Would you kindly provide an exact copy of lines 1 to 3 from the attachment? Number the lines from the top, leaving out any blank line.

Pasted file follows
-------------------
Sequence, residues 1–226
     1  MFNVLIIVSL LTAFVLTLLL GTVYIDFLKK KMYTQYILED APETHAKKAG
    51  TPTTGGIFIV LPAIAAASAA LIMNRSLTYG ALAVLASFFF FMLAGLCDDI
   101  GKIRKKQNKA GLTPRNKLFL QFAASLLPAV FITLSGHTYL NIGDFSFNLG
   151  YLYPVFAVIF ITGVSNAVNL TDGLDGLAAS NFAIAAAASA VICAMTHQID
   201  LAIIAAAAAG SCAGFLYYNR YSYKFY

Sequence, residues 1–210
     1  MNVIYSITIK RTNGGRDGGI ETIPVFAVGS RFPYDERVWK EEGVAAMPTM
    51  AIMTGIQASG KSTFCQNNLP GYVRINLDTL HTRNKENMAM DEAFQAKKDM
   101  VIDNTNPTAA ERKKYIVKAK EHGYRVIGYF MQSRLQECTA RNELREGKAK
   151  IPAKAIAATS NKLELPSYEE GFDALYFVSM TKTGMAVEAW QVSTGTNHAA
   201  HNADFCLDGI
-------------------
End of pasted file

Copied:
Sequence, residues 1–226
     1  MFNVLIIVSL LTAFVLTLLL GTVYIDFLKK KMYTQYILED APETHAKKAG
    51  TPTTGGIFIV LPAIAAASAA LIMNRSLTYG ALAVLASFFF FMLAGLCDDI